Usually, the components of lubricants are divided into base oils and additives. Additionally, lubricating greases contain a certain amount of thickening agents. As a rule of thumb, it can be assumed that biodegradability is determined by the base oils and the toxicity is determined by the additives. The environmental properties of thickening agents tend to vary significantly.
Additives are often sold in packages. In most cases, this means that the package consists of a number of substances that all have their own specific functions. Such a package may, for instance, contain corrosion inhibitors, extreme pressure additives, dispersants and an antioxidant.
The base oil, too, may consist of a combination of substances in order to reach the desired viscosity. Base oils are commonly divided into mineral, vegetable and synthetic oils. The drawback for biolubricants is that (in market statistics, for instance) no distinction is made between types of synthetic base oils, i.e. whether they have been manufactured from mineral or vegetable oils.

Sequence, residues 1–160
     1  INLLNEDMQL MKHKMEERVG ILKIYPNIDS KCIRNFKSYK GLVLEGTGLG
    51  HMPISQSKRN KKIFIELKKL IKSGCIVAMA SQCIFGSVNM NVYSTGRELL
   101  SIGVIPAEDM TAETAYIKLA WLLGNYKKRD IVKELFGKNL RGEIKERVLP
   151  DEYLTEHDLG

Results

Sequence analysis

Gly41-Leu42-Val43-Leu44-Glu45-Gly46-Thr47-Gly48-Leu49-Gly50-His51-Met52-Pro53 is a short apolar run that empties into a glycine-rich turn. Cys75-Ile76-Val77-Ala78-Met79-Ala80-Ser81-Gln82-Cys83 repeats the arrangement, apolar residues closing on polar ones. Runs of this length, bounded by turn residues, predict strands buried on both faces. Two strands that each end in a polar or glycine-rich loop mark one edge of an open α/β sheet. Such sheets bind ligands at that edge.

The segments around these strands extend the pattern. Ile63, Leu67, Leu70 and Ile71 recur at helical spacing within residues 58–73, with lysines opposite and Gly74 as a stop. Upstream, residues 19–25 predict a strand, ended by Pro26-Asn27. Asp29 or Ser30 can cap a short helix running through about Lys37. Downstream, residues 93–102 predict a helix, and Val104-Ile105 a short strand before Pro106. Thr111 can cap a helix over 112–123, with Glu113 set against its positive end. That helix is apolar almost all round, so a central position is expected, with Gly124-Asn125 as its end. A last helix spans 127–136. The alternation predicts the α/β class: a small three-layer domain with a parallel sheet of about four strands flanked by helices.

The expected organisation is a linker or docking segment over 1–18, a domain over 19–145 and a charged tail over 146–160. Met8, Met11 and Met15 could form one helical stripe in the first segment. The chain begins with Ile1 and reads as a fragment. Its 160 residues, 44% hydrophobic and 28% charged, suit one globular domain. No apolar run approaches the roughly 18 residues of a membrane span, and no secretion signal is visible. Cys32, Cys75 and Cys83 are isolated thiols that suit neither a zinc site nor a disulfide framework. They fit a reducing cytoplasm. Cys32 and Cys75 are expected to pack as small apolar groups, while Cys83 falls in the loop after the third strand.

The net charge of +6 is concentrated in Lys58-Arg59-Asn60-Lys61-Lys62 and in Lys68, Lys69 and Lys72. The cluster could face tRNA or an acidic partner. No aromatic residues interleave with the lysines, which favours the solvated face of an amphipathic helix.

Either type of oil may have excellent biodegradation and toxicity performance, but when it comes to sustainability, in terms of using renewable materials, a synthetic base oil manufactured from vegetable oil will often outperform a synthetic base oil manufactured exclusively from mineral oil.